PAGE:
Making high-accuracy null depth measurements for the LBTI exozodi survey
Kennedy, Grant M.
Skemer, Andy J.
Weinberger, Alycia J.
AffiliationUniv Arizona, Dept Astron, Steward Observ
MetadataShow full item record
PublisherSPIE-INT SOC OPTICAL ENGINEERING
CitationBertrand Mennesson ; Denis Defrère ; Matthias Nowak ; Philip Hinz ; Rafael Millan-Gabet ; Olivier Absil ; Vanessa Bailey ; Geoffrey Bryden ; William Danchi ; Grant M. Kennedy ; Lindsay Marion ; Aki Roberge ; Eugene Serabyn ; Andy J. Skemer ; Karl Stapelfeldt ; Alycia J. Weinberger and Mark Wyatt " Making high-accuracy null depth measurements for the LBTI exozodi survey ", Proc. SPIE 9907, Optical and Infrared Interferometry and Imaging V, 99070X (August 4, 2016); doi:10.1117/12.2231839; http://dx.doi.org/10.1117/12.2231839
Rights© 2016 SPIE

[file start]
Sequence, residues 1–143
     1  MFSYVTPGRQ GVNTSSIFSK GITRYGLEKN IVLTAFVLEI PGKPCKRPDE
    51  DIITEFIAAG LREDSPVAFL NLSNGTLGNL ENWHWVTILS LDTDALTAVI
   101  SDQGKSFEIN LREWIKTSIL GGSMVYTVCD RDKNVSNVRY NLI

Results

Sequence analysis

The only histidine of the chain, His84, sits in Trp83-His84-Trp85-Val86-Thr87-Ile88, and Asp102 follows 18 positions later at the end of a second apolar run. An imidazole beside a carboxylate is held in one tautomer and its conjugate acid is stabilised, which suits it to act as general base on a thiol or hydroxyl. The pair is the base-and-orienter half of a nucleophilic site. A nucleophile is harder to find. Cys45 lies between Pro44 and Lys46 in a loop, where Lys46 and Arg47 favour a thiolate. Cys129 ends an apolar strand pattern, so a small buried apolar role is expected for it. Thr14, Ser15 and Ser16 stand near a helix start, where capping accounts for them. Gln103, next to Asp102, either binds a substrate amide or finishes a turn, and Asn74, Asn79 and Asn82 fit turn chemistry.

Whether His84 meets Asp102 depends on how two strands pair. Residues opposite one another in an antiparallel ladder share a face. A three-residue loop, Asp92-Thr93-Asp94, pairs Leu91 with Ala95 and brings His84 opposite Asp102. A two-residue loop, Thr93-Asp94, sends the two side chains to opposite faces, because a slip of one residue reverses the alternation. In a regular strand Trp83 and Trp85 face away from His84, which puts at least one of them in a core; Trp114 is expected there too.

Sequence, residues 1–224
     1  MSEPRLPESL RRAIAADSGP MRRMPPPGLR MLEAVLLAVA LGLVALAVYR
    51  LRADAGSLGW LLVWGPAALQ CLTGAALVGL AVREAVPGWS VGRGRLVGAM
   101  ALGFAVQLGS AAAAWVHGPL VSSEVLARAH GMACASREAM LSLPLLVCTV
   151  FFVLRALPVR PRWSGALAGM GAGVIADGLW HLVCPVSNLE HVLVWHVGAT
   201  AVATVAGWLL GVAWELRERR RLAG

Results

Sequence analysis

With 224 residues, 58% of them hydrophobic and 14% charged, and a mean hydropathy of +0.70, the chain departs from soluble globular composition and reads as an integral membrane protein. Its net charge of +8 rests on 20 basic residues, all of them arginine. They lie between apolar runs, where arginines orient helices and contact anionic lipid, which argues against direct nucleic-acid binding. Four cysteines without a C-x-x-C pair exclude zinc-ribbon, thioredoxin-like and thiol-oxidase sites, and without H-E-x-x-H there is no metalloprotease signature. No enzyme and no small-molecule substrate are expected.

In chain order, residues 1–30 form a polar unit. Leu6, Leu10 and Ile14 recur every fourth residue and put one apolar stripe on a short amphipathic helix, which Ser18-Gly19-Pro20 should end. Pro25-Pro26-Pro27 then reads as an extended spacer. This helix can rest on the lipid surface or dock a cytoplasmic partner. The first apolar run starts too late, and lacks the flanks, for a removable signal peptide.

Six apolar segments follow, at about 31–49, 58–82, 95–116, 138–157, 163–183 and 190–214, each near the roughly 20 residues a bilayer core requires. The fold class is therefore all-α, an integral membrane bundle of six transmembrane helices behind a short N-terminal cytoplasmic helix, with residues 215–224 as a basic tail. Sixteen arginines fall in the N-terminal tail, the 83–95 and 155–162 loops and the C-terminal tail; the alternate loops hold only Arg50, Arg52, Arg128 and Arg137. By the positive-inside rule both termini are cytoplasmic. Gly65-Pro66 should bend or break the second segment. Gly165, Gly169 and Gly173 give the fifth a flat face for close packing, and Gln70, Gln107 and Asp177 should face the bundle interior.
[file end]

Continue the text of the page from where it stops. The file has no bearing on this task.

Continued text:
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AbstractThe characterization of exozodiacal light emission is both important for the understanding of planetary systems evolution and for the preparation of future space missions aiming to characterize low mass planets in the habitable zone of nearby main sequence stars. The Large Binocular Telescope Interferometer (LBTI) exozodi survey aims at providing a ten-fold improvement over current state of the art, measuring dust emission levels down to a typical accuracy of similar to 12 zodis per star, for a representative ensemble of similar to 30+ high priority targets. Such measurements promise to yield a final accuracy of about 2 zodis on the median exozodi level of the targets sample. Reaching a 1. measurement uncertainty of 12 zodis per star corresponds to measuring interferometric cancellation ("null") levels, i.e visibilities at the few 100 ppm uncertainty level. We discuss here the challenges posed by making such high accuracy mid-infrared visibility measurements from the ground and present the methodology we developed for achieving current best levels of 500 ppm or so. We also discuss current limitations and plans for enhanced exozodi observations over the next few years at LBTI.
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